Join us for what is considered by many to be one of the greatest books of all time. Set in Edwardian London, it contrasts the lives and romances of two women, while dealing with love, happiness, success, self-discovery and even women's suffrage. Woolf is able to reveal the many facets of an individual, while capturing the nuances of a glance, a word, or a movement with phemenal descriptions of characters and settings.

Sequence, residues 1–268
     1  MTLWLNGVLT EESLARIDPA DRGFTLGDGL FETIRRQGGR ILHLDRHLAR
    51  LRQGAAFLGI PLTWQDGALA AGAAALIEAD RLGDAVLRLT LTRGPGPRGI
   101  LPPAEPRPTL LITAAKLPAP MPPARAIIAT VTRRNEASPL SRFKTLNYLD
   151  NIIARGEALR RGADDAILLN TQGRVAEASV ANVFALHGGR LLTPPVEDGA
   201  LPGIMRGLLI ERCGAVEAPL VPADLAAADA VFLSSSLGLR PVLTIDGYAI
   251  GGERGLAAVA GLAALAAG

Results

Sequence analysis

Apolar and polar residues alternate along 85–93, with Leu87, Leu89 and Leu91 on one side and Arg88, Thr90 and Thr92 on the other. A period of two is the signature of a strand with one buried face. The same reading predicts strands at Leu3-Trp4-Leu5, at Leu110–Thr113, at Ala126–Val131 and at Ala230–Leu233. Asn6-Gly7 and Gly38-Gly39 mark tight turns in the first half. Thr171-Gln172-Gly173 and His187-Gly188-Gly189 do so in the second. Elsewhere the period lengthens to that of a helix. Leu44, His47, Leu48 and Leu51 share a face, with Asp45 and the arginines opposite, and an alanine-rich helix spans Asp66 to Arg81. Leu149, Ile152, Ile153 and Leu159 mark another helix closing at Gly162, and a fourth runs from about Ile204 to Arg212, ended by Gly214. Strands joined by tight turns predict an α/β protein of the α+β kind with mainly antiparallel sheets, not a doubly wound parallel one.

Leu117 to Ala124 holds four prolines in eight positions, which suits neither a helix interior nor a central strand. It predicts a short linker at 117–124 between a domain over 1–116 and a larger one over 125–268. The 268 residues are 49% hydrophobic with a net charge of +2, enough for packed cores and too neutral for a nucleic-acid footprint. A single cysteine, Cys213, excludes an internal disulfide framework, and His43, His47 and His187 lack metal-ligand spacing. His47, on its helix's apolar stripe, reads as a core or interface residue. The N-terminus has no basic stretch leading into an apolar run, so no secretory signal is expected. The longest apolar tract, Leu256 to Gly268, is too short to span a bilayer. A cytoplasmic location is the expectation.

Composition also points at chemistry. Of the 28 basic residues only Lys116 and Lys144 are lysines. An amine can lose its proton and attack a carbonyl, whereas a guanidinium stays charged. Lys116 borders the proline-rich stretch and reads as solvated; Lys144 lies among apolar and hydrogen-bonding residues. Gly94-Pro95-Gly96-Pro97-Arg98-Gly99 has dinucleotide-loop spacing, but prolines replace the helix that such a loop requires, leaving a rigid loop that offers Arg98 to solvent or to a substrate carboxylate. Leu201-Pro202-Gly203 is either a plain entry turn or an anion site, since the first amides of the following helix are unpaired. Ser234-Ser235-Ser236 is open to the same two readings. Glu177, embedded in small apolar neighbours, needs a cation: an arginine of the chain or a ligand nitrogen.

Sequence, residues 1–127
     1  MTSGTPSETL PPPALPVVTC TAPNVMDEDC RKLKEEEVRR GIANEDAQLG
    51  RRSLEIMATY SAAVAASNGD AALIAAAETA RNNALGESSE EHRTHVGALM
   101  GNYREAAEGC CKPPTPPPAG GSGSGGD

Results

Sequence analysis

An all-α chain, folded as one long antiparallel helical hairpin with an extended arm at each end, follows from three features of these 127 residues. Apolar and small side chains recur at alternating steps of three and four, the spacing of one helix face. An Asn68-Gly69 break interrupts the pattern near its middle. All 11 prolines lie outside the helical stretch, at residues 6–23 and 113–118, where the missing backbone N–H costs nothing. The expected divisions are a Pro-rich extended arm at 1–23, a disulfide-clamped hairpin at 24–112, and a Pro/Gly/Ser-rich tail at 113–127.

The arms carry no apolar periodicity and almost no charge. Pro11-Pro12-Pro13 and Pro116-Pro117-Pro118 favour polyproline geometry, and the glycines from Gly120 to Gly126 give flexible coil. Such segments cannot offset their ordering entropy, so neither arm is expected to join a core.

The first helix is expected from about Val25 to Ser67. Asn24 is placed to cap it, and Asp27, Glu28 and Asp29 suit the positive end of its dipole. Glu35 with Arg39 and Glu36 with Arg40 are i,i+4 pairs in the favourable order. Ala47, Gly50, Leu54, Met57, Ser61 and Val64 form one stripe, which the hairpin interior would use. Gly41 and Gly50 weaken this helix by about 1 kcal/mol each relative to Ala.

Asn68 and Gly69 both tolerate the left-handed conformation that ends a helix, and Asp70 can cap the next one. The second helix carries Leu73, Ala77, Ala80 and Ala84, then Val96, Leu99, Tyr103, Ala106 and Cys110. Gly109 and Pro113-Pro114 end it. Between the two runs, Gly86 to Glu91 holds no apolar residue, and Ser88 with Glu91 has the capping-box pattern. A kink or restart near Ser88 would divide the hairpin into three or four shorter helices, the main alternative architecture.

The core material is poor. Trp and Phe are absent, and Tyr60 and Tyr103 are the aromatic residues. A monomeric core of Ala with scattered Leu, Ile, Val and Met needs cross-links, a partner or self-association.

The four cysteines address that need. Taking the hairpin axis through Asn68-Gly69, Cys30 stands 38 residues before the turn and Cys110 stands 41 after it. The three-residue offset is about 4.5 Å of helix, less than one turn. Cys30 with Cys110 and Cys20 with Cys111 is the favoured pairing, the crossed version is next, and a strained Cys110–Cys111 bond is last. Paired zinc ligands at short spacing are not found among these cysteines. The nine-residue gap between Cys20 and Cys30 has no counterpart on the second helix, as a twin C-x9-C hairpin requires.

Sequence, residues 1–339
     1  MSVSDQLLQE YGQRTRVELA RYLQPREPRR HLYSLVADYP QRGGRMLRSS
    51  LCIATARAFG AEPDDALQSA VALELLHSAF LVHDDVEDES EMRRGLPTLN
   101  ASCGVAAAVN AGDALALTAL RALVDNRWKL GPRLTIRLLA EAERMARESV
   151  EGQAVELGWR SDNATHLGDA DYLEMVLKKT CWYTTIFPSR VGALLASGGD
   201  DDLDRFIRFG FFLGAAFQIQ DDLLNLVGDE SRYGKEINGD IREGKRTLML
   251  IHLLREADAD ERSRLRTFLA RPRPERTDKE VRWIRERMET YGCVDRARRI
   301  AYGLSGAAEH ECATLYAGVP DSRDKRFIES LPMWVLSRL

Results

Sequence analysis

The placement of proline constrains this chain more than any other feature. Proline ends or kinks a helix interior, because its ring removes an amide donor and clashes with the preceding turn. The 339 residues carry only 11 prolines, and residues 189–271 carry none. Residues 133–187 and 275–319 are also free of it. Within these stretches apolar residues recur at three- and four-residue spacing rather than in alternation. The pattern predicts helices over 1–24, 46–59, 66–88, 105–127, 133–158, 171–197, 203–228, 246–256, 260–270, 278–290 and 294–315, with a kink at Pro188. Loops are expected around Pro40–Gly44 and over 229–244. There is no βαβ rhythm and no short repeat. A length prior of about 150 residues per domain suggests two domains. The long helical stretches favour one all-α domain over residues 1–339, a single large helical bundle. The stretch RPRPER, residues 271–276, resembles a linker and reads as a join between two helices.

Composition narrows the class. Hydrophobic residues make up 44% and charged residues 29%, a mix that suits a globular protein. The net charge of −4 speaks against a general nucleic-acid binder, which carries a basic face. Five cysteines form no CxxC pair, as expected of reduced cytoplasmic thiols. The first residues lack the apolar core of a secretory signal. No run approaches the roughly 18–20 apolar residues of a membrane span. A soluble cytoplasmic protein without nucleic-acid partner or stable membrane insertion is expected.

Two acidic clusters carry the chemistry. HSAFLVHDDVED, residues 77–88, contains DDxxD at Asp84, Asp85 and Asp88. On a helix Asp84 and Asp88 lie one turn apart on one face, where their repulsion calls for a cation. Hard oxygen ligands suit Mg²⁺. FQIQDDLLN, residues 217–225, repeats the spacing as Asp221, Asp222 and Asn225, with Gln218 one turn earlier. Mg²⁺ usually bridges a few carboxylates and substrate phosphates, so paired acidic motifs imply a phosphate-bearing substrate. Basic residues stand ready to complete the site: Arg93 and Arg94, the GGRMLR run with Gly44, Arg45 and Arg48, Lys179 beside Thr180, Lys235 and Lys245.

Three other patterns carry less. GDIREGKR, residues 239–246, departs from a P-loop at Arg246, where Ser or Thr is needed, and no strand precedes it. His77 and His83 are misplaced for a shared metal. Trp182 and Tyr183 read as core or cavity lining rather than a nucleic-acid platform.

Virginia Woolf was born Adeline Virginia Stephen, on January 25, 1882, in Kensington, London, England. Her father was an author and historian and her mother was a renowned model. There were many children in the household as her mother had three from her first marriage, her father had one from his first marriage and they had four together, for a total of eight. Virginia was educated by her parents. When she was thirteen, her mother died, followed by one of her half-sisters, and she suffered a mental breakdown. Nine years later, her father passed away and she was institutionalized. She did manage to take courses at King's College, London but spent parts of 1910, 1912 and 1913 in a private facility. In 1912, Virginia married Leonard Woolf. He was poor, but they remained happily married and founded Hogarth Press, which published Virginia's novels and works by T. S. Eliot among others. In 1922, she had an affair with a married woman, with whom she remained close her entire life. Her first professional work was about the home of the Bronte family in 1900, followed by a novel, The Voyage Out, in 1915. Her last novel was Between the Acts in 1941. Falling into another bout of depression, after the onset of World War II, and unable to work, Virginia filled her coat pocket with stones and walked into the River Ouse on March 28, 1941, at age 59, drowning herself. Her body was not found until April 18th. She was cremated, her ashes buried under an elm tree in their garden in Sussex, England.